This week, Besha Rodell is back to review Shibumi, the understated Downtown Japanese restaurant where the "music might say ‘dive bar,’ but the calm and focus of the folks behind the bar says ‘temple.’" It's all the work of David Schlosser, a chef who trained everywhere from L’Arpege to some of the world’s best kaiseki restaurants in Japan.
At Shibumi, the name of the game is kappo-style dining, where the chef cooks at a counter right in front of his customers with an elegance so deceptively simple that "eating here can be like discovering the elemental truth of foods you thought you knew well." That ethos translates into some stunning dishes:
Begin with a snack of cucumbers, which have been salted just long enough to make the cool snap and juiciness of the vegetable slightly more pronounced. In the place where the cucumber’s seeds would usually be found, Schlosser has packed a mixture of shiso, umeboshi plum, seeds and bonito. The dish is a study in contrasts, the pure, clean flavor of the cucumber coming up against three or four kinds of umami in the stuffing, but it also acts as a simple palate-primer for the meal ahead. [LAW]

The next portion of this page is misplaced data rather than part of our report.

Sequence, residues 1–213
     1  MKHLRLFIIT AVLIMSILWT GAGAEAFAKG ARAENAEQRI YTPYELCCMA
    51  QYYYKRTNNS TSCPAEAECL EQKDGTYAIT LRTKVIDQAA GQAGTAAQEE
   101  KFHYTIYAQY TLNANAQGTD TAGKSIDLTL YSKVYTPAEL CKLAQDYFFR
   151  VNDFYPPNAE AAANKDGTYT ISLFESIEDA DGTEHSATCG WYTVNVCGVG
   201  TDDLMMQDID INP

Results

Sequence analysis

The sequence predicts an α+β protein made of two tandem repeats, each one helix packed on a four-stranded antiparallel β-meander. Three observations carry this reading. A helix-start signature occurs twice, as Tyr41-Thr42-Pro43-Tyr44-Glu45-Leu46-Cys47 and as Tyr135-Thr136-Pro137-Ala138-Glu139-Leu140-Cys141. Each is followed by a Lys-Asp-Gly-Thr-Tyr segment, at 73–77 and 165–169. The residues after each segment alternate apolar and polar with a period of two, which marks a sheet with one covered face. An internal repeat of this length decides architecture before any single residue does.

Silky uni and tofu
Uni comes draped across a small block of egg tofu that has been doused in a slurry made from fresh nori, and the dish provides three kinds of silkiness and two kinds of creaminess that reverberate against one another in ways that are almost musical. [LAW]
Some of B. Rod’s favorite beef. Ever.
Grilled pork and beef are presented so simply but are of such high quality and have been cooked so well that you’re forced to ponder the elemental wonder of deeply flavored flesh and fat, its animal funk and tang. I did not fork over the $52 for four ounces of wagyu rib cap, but I did not need to. The $28 California strip, served with bracing but creamy fresh wasabi, offered the best bites of beef I’ve had in months, maybe years. [LAW]
The acclaimed Weekly critic concludes with some extremely high praise for the restaurant, equating the whole experience to "entering an alternate dimension," and muses that "this is what dive bars are like in heaven." Shibumi receives the coveted four stars, an honor that, before this review, B. Rod had most recently awarded to A.O.C. and Cassia over one year ago.